Considering that he won’t do any prison time, Michael Sewell should consider himself fortunate. On October 30, Sewell, owner-operator of MESCO Inc., a suburban Baltimore HVAC and plumbing contractor, was sentenced in U.S. District Court for the District of Maryland to three years of supervised probation, and ordered to pay $89,222 in restitution, for underreporting hours worked by employees for the purpose of avoiding having to make contributions to International Brotherhood of Electrical Workers-managed benefit plans. Sewell had pleaded guilty in August after being charged in July. The actions follow a joint investigation by the U.S. Labor Department’s Office of Labor-Management Standards, Employee Benefits Security Administration and Office of Inspector General.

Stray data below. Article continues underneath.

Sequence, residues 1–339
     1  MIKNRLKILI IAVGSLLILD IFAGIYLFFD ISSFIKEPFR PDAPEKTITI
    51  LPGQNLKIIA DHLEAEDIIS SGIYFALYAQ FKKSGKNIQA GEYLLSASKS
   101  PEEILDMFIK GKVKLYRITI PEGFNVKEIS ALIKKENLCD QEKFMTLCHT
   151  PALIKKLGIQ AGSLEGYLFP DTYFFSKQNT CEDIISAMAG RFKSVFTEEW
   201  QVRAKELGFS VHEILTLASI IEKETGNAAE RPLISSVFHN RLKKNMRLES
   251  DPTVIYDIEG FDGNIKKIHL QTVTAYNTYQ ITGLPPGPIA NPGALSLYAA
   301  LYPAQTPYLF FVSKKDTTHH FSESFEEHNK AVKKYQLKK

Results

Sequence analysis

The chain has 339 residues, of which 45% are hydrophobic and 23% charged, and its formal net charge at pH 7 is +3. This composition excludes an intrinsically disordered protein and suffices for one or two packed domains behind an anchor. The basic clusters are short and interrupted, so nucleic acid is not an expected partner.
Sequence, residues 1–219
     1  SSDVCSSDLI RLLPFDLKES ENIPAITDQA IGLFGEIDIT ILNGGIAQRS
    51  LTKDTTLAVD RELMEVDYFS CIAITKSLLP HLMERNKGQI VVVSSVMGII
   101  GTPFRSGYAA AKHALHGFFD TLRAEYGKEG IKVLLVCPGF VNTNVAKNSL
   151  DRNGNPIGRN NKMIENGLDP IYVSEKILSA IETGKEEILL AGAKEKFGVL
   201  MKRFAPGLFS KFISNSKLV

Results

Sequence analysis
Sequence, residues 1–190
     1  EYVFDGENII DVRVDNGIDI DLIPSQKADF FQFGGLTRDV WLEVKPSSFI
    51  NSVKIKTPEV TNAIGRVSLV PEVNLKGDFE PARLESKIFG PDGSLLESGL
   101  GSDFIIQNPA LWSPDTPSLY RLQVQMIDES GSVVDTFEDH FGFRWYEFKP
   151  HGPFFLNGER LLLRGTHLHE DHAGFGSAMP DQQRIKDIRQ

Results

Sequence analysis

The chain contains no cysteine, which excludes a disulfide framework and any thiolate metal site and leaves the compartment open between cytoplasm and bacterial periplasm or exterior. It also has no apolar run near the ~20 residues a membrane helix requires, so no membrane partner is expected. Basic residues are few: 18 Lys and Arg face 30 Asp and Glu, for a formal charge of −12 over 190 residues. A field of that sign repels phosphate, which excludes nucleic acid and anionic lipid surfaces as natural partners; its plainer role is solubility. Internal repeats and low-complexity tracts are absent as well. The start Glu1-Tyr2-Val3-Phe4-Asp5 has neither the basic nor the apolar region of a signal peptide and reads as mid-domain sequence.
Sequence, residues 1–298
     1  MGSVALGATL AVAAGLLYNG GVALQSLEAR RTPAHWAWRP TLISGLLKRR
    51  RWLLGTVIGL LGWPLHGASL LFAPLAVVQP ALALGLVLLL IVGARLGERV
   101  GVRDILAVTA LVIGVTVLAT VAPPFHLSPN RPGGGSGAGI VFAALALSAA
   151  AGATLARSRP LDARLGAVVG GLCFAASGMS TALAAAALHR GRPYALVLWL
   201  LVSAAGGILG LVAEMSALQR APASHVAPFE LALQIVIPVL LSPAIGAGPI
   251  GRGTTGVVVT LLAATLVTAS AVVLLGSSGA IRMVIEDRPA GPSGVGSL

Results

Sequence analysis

The case grew out of a February 2012 civil suit filed by Electrical Workers benefit plan trustees, along with IBEW Local 24, accusing the Joppa, Md.-based MESCO, and another firm, Michael Sewell & Associates, of nearly $500,000 wage-and-hour underreporting over a more than four-year period. The purpose was to avoid making benefit contributions, as MESCO was required to do under a collective bargaining agreement in force. As the two companies were interchangeable, they gave all the appearance of an illegal double-breasting scheme whereby a union contractor sets up a parallel identical nonunion firm. This past February a federal court ruled that MESCO and Sewell & Associates were liable for $453,615.98 in contributions, interest and damages, a figure representing more than 90 percent of the amount sought by the plaintiffs. A DOL probe and a Justice Department criminal action followed.
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